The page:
A property in south-west London had suffered a flooded basement due to water ingress. It is unknown whether the cause of the ingress was from a faulty basement sump pump or breach of the damp proof membrane.
Regardless of the cause, we were called to undertake an assessment of the damage to the structure, the spread of moisture, and advise on the most efficient drying method as most of the basement had been flooded.
The flooded basement floor was a floating floor and consisted of a concrete slab, delta cavity drainage membrane, closed cell insulation, water underfloor heating system and sand cement screed.
Upon our arrival on site, we took atmospheric readings inside the property. They registered as follows:
|Relative Humidity||Temperature||Dewpoint||Mixing Ratio||Vp|
Because of the construction of the floor, the best method of obtaining accurate readings was to install humidity probes at depth. This would then provide us with accurate moisture readings of the wet basement floor, once they are left in place for 24 hours.
We were expecting the moisture readings from the humidity probes to be much higher than the initial ones taken; a saturated layer of sand could be seen in the inspection holes located within the plant room and bathroom.
The floorplan and readings below show the readings from the humidity probes after a 24 hour period and the extent of the saturation.
Upon investigation, we found that most of the moisture was trapped between the membrane and thermal insulation. Therefore, attempting to dry the wet basement floor using standard drying methods would prove unsuccessful.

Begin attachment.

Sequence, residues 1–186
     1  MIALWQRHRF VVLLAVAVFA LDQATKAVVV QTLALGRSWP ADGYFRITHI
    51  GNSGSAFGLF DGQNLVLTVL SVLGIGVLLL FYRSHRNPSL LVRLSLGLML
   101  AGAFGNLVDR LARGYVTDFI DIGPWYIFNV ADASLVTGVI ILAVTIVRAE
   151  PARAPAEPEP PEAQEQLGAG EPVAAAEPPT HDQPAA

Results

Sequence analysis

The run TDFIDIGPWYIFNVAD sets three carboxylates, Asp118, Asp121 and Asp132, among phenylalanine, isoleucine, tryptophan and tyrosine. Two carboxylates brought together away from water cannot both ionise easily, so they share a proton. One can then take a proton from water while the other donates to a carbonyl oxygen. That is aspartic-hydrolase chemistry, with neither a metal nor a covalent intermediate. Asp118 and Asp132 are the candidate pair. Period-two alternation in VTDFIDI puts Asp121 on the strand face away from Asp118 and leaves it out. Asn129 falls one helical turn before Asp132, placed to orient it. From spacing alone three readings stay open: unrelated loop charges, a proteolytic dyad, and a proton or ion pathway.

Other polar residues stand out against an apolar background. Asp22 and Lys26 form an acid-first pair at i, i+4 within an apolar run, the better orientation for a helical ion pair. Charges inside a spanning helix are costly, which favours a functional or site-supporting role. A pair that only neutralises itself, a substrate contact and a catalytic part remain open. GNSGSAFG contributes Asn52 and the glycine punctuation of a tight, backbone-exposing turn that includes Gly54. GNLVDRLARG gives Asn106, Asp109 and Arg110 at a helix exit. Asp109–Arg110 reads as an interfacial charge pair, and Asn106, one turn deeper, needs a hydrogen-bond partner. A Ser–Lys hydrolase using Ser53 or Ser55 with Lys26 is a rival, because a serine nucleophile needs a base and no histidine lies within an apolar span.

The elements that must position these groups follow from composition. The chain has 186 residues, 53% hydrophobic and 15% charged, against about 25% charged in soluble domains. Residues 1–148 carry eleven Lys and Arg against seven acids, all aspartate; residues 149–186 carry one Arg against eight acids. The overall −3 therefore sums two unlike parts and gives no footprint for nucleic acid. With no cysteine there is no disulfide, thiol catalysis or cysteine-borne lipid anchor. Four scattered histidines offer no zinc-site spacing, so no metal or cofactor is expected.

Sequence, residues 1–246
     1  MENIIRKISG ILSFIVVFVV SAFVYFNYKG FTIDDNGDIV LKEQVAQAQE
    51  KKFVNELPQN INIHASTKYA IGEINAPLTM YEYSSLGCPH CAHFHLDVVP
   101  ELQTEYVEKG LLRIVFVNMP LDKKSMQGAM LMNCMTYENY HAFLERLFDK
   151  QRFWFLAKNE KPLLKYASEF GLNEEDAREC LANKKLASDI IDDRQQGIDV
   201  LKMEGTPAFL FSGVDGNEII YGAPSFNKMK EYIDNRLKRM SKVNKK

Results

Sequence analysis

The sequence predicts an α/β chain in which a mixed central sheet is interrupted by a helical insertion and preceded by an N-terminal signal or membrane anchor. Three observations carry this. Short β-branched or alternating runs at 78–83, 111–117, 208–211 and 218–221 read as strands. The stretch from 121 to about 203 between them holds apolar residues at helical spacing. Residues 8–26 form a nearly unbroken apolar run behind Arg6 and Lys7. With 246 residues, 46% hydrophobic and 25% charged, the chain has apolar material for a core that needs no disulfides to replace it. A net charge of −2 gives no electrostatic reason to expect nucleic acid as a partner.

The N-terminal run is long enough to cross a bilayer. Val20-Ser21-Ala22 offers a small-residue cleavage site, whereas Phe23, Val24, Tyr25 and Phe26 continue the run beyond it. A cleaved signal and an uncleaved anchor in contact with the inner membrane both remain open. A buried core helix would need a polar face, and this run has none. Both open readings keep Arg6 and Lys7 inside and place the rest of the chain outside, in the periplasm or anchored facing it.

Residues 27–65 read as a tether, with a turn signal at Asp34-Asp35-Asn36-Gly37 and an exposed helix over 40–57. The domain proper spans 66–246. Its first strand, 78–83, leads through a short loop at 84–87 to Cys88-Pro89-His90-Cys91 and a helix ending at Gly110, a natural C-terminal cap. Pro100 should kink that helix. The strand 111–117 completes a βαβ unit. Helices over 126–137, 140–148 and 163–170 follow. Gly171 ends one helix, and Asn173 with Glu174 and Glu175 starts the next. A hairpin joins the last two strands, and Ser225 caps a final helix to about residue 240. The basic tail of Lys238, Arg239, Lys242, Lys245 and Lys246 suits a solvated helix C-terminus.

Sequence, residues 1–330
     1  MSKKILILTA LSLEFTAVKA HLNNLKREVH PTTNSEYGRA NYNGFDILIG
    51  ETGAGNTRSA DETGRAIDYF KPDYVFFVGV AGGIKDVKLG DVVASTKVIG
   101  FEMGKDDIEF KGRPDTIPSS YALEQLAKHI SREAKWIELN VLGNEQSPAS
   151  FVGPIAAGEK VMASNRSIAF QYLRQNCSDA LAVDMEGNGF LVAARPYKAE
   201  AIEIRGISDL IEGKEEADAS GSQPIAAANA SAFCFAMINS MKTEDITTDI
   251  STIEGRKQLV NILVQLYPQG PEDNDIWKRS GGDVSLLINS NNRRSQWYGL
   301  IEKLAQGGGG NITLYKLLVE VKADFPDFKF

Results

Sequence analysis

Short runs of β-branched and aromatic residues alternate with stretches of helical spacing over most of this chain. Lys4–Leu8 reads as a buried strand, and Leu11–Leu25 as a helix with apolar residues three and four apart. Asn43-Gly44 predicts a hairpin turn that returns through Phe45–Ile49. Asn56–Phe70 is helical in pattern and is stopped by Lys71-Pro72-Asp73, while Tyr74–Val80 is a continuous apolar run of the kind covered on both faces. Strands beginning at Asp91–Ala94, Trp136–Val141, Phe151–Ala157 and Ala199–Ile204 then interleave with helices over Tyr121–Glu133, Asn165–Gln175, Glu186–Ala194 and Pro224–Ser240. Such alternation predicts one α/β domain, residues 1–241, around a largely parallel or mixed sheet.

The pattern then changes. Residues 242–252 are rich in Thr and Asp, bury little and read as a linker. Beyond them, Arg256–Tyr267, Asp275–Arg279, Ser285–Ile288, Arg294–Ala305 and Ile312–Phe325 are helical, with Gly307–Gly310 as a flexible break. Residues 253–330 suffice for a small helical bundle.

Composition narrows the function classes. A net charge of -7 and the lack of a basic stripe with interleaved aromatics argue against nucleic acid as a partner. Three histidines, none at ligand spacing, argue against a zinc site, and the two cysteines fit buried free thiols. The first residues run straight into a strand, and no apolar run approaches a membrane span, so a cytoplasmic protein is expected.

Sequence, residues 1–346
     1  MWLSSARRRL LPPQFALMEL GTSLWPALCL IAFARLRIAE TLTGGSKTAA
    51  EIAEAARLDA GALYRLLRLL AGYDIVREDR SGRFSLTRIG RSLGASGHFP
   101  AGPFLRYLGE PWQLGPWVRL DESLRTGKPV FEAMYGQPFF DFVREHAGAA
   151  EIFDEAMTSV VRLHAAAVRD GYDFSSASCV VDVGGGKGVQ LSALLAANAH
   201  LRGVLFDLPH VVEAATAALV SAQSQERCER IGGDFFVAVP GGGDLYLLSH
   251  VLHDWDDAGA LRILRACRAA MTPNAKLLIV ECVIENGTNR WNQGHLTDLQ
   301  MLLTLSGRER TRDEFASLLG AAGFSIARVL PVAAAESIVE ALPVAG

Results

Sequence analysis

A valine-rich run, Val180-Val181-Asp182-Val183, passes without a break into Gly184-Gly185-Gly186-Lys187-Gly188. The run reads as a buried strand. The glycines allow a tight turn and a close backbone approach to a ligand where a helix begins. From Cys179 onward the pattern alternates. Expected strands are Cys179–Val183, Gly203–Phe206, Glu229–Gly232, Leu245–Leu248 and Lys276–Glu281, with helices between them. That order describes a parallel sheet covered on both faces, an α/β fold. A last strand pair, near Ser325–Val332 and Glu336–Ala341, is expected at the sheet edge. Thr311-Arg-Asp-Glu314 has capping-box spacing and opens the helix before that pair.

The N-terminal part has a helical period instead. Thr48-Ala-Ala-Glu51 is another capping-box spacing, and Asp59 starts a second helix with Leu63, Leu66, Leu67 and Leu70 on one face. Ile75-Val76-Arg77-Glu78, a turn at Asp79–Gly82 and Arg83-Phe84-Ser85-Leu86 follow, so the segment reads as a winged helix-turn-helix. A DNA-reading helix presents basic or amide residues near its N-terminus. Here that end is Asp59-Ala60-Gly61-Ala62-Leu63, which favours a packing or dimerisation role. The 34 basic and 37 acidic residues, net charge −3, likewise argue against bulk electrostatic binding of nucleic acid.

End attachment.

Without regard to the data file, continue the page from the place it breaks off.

The Technical Part
Due to the construction of the floor, the only alternative to extensive strip out work was to carry out specialist drying, in the form of pressure drying. Pressure drying utilises dry air by forcing it down and through a hose system into the building’s construction.
The proposed process would consist of drying the property using a mixture of desiccants, turbines, and condensing dehumidifiers.
The desiccants would be used to produce heat and extract water vapour in conjunction with the condensing dryers; the water vapour would be condensed, then channelled out of the property as liquid water.
To remove excess moisture from the affected areas, we started by emptying the basement, including all the building materials that were being stored there.
Using thermal imaging cameras and pipe detectors, we marked out safe spots for drilling into the screed which would create the holes required for the hoses. Before drilling the 25㎜ holes in all of the affected rooms, the underfloor heating system was fully drained to ensure there was no more water damage from residual water in the system.
Multiple injection drying systems were installed across strategic areas and the thermal insulation was manually removed to prevent damage to the damp proof membrane. Finally, the remote monitoring system was installed.
Once the environment was stabilised, we continued to monitor the drying regime and the materials being dried using our remote monitoring system. This ensures that drying is controlled and stopped at the appropriate time without the need for extra site visits.
We estimated the drying regime to take five weeks to fully dry the affected areas and the installation of the equipment to take two technicians, two days to install.